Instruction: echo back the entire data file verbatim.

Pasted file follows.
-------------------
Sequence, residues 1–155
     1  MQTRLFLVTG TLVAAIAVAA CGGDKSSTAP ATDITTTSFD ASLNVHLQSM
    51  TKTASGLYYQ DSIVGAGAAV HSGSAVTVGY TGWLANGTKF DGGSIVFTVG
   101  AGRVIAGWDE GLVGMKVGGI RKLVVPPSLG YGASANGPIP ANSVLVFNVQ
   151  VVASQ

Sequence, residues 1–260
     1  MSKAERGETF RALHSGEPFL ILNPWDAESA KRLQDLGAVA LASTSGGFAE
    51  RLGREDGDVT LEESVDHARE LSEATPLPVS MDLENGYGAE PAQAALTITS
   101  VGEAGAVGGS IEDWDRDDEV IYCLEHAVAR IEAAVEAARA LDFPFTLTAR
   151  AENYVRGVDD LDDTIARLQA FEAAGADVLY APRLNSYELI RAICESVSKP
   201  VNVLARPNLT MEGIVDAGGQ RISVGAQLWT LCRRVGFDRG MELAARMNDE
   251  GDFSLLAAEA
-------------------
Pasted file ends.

Sequence, residues 1–155
     1  MQTRLFLVTG TLVAAIAVAA CGGDKSSTAP ATDITTTSFD ASLNVHLQSM
    51  TKTASGLYYQ DSIVGAGAAV HSGSAVTVGY TGWLANGTKF DGGSIVFTVG
   101  AGRVIAGWDE GLVGMKVGGI RKLVVPPSLG YGASANGPIP ANSVLVFNVQ
   151  VVASQ

Sequence, residues 1–260
     1  MSKAERGETF RALHSGEPFL ILNPWDAESA KRLQDLGAVA LASTSGGFAE
    51  RLGREDGDVT LEESVDHARE LSEATPLPVS MDLENGYGAE PAQAALTITS
   101  VGEAGAVGGS IEDWDRDDEV IYCLEHAVAR IEAAVEAARA LDFPFTLTAR
   151  AENYVRGVDD LDDTIARLQA FEAAGADVLY APRLNSYELI RAICESVSKP
   201  VNVLARPNLT MEGIVDAGGQ RISVGAQLWT LCRRVGFDRG MELAARMNDE
   251  GDFSLLAAEA